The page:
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Chapter

Cover International Relations Theories

15. International Relations Theory and Globalization  

Colin Hay

This chapter examines the existing debate on the extent and nature of globalization and its implications for contemporary International Relations theory. It first considers the stakes involved in the globalization debate for a range of core theoretical perspectives in IR. It shows how the literature on globalization has developed over time, revealing how the nature of the debate has changed, and illustrates this both theoretically and empirically with a case study of the impact of globalization on the development of the welfare state before and since the global financial crisis. The chapter also considers the empirical case against the globalization thesis, what a competition state is, and how it might confer a competitive advantage upon a national economy in an era of globalization. The chapter suggests that the current level of interdependence within the international system, although considerable, is not easily reconciled with the stronger variants of the globalization thesis.

Chapter

Cover Comparative Politics

21. The welfare state  

Kees van Kersbergen and Philip Manow

This chapter examines the emergence, expansion, variation, and transformation of the welfare state. It first considers the meaning of the welfare state, before discussing three perspectives that explain the emergence of the welfare state: the functionalist approach, the class mobilization approach, and a literature emphasizing the impact of state institutions and the relative autonomy of bureaucratic elites. It then describes the expansion of the welfare state, taking into account the impact of social democracy, neocorporatism and the international economy, risk redistribution, Christian democracy and Catholic social doctrine, and secular trends. It also explores variations among developed welfare states, as well as the effects of the welfare state, and concludes with an analysis of the challenges and dynamics of contemporary welfare states. The chapter shows that the welfare state is a democratic state that guarantees social protection as a right attached to citizenship.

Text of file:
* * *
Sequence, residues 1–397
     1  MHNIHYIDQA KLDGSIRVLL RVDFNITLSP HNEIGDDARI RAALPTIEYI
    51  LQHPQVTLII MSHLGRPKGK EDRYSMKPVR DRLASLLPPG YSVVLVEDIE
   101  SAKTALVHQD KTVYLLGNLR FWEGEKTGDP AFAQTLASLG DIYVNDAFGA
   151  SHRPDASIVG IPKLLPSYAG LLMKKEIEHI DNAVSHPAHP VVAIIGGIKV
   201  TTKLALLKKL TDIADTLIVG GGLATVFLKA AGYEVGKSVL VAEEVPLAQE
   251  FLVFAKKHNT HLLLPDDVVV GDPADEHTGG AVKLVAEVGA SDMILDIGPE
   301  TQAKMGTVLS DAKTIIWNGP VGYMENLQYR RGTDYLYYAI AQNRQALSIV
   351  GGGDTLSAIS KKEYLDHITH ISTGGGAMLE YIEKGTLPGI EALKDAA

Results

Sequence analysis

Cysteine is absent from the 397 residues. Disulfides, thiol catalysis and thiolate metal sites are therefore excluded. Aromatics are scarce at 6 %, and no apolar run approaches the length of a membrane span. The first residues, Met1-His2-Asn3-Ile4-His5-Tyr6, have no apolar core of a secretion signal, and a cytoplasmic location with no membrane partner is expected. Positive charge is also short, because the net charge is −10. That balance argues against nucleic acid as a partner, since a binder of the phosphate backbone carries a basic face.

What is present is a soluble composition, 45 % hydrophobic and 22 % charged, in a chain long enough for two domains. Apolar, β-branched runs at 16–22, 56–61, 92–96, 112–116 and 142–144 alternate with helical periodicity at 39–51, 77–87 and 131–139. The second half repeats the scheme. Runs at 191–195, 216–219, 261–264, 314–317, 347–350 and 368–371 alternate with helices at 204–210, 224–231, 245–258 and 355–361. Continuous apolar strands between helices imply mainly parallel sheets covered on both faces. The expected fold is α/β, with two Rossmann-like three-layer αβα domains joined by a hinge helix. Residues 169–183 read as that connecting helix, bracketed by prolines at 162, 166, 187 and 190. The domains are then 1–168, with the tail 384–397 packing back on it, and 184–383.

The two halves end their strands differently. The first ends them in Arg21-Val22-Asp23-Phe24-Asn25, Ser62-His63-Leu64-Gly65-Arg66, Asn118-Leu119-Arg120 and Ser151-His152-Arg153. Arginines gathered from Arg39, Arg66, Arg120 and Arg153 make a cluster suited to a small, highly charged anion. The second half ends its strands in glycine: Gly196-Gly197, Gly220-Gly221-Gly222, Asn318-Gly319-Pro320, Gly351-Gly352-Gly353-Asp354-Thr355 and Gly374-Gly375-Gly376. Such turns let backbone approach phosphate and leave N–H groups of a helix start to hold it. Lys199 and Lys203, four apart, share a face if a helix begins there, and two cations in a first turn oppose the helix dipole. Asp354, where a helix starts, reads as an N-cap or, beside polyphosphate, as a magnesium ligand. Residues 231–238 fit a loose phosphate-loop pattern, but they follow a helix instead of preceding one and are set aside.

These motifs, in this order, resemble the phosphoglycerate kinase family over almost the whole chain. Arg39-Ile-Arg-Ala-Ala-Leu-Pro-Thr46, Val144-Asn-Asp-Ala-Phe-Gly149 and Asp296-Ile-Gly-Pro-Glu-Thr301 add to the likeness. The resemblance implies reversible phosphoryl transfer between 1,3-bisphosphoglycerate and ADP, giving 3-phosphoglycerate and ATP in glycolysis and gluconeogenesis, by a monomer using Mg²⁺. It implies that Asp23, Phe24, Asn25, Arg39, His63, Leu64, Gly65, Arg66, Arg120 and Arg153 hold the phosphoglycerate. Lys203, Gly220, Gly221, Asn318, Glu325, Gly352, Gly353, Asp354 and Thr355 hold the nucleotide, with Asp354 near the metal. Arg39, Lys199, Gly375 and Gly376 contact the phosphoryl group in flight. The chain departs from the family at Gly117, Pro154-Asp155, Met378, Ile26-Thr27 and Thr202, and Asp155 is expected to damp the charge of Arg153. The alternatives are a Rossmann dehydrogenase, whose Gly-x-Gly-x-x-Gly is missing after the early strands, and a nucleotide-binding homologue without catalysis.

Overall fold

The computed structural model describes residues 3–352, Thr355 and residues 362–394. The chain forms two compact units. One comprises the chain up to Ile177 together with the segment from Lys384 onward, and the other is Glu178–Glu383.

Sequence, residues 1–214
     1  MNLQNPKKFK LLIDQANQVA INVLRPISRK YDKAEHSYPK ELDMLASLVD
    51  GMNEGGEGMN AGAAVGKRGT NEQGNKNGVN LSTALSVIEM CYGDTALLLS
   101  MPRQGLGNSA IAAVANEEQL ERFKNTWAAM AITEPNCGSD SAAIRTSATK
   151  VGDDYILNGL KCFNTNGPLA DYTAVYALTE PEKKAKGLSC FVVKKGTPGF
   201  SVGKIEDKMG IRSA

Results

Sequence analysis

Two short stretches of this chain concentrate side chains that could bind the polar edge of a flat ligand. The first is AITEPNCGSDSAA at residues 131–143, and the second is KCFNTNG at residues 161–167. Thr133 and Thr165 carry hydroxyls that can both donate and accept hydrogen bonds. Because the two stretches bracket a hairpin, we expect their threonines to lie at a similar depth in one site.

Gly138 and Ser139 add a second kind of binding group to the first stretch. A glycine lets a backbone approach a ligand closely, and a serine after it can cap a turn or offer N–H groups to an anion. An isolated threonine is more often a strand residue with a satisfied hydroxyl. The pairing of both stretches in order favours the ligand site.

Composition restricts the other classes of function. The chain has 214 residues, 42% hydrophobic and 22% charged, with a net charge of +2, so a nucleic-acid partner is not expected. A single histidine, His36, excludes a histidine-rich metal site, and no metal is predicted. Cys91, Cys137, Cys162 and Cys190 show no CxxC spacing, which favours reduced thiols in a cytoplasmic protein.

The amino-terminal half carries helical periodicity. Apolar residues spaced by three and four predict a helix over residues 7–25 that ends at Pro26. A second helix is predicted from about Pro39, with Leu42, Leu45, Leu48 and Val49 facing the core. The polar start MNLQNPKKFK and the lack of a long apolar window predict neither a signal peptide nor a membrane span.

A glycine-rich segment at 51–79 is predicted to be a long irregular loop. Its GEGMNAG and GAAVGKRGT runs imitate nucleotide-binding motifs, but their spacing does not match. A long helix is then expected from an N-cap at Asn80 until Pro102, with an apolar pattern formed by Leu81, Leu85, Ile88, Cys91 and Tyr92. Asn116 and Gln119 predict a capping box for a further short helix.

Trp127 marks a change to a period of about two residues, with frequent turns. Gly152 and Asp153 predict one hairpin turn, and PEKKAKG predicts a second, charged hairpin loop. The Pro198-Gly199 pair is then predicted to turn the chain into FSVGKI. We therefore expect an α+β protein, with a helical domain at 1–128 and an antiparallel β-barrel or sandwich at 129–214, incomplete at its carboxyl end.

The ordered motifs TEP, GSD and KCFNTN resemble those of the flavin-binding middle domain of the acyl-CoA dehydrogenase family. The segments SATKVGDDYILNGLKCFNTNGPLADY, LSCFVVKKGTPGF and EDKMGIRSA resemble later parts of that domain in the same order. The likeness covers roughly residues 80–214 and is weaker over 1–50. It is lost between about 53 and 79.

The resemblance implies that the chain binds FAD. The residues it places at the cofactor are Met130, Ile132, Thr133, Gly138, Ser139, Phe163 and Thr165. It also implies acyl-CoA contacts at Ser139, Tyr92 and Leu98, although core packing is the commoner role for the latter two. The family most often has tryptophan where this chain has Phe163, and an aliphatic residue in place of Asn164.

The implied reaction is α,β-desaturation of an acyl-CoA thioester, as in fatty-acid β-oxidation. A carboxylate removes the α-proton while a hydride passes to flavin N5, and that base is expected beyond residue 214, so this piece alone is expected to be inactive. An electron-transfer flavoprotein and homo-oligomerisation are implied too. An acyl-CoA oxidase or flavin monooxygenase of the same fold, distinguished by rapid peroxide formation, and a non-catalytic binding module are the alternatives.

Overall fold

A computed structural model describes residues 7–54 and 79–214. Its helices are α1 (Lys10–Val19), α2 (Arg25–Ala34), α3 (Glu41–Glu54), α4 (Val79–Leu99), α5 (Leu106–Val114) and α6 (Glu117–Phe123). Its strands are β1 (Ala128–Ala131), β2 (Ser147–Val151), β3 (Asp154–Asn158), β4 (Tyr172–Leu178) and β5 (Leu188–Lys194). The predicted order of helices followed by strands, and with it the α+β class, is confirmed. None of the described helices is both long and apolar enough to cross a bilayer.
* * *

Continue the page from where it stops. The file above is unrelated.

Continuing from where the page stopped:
Chapter

Cover Comparative Politics

21. The Welfare State  

Kees van Kersbergen and Philip Manow

This chapter examines the emergence, expansion, variation, and transformation of the welfare state. It first considers the meaning of the welfare state, before discussing three perspectives that explain the emergence of the welfare state: the functionalist approach, the class mobilization approach, and a literature emphasizing the impact of state institutions and the relative autonomy of bureaucratic elites. It then describes the expansion of the welfare state, taking into account the impact of social democracy, neocorporatism and the international economy, risk redistribution, Christian democracy and Catholic social doctrine, and secular trends. It also explores variations among developed welfare states, as well as the effects of the welfare state, and concludes with an analysis of the challenges and dynamics of contemporary welfare states. The chapter shows that the welfare state is a democratic state that guarantees social protection as a right attached to citizenship.